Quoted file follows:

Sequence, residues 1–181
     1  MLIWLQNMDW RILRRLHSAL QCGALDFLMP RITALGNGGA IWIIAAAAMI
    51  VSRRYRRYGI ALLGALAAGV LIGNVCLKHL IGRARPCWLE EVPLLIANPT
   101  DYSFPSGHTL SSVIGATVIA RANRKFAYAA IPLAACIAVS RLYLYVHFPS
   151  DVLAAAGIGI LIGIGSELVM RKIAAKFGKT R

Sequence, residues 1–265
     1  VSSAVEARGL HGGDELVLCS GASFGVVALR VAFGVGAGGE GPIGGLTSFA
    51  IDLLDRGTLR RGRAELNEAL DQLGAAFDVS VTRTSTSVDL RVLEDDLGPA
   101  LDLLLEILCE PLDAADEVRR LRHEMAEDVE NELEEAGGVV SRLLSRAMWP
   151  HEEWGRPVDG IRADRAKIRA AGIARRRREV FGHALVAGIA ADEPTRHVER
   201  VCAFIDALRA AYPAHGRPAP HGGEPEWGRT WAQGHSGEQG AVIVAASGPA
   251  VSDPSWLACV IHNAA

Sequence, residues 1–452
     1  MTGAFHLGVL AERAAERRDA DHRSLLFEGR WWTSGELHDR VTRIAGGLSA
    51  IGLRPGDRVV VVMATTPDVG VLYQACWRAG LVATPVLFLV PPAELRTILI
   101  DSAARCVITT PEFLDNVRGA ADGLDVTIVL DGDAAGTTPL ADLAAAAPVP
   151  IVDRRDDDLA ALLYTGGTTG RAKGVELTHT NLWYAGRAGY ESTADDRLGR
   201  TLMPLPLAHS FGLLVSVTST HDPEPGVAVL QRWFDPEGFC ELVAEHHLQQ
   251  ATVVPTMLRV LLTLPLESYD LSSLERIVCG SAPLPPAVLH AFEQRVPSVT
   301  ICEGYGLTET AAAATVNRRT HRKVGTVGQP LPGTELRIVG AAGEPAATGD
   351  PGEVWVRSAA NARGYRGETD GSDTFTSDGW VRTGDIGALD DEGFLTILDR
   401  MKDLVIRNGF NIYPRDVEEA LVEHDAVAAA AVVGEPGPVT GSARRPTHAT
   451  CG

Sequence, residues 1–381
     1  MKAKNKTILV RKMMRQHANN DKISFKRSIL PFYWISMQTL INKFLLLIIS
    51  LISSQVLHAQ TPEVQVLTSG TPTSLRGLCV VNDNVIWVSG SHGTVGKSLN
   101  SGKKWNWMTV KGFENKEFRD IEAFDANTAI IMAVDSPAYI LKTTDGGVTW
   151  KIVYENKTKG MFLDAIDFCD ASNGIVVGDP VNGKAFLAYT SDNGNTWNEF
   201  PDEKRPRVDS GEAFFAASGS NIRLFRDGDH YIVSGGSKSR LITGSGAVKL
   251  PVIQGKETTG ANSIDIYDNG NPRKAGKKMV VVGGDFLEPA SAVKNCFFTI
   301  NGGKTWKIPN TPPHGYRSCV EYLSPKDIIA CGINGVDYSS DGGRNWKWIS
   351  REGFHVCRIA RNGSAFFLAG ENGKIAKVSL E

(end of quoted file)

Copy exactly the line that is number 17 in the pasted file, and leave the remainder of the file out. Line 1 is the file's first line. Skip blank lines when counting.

   151  IVDRRDDDLA ALLYTGGTTG RAKGVELTHT NLWYAGRAGY ESTADDRLGR